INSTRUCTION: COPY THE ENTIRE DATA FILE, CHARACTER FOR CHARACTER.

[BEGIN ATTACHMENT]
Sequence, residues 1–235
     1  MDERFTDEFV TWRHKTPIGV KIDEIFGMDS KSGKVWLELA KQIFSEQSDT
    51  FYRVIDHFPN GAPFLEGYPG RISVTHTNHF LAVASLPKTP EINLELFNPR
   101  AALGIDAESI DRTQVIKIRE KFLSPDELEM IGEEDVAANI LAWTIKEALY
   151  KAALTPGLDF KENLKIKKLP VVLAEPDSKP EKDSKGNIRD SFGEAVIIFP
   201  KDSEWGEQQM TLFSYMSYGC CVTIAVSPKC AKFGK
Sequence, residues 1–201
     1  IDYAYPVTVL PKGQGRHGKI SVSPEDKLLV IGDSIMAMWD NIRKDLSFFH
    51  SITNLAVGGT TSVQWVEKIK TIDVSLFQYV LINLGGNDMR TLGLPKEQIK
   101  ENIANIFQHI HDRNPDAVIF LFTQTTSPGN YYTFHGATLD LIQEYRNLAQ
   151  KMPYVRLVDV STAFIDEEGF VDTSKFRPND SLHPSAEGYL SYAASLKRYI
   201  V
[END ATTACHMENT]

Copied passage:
Sequence, residues 1–235
     1  MDERFTDEFV TWRHKTPIGV KIDEIFGMDS KSGKVWLELA KQIFSEQSDT
    51  FYRVIDHFPN GAPFLEGYPG RISVTHTNHF LAVASLPKTP EINLELFNPR
   101  AALGIDAESI DRTQVIKIRE KFLSPDELEM IGEEDVAANI LAWTIKEALY
   151  KAALTPGLDF KENLKIKKLP VVLAEPDSKP EKDSKGNIRD SFGEAVIIFP
   201  KDSEWGEQQM TLFSYMSYGC CVTIAVSPKC AKFGK
Sequence, residues 1–201
     1  IDYAYPVTVL PKGQGRHGKI SVSPEDKLLV IGDSIMAMWD NIRKDLSFFH
    51  SITNLAVGGT TSVQWVEKIK TIDVSLFQYV LINLGGNDMR TLGLPKEQIK
   101  ENIANIFQHI HDRNPDAVIF LFTQTTSPGN YYTFHGATLD LIQEYRNLAQ
   151  KMPYVRLVDV STAFIDEEGF VDTSKFRPND SLHPSAEGYL SYAASLKRYI
   201  V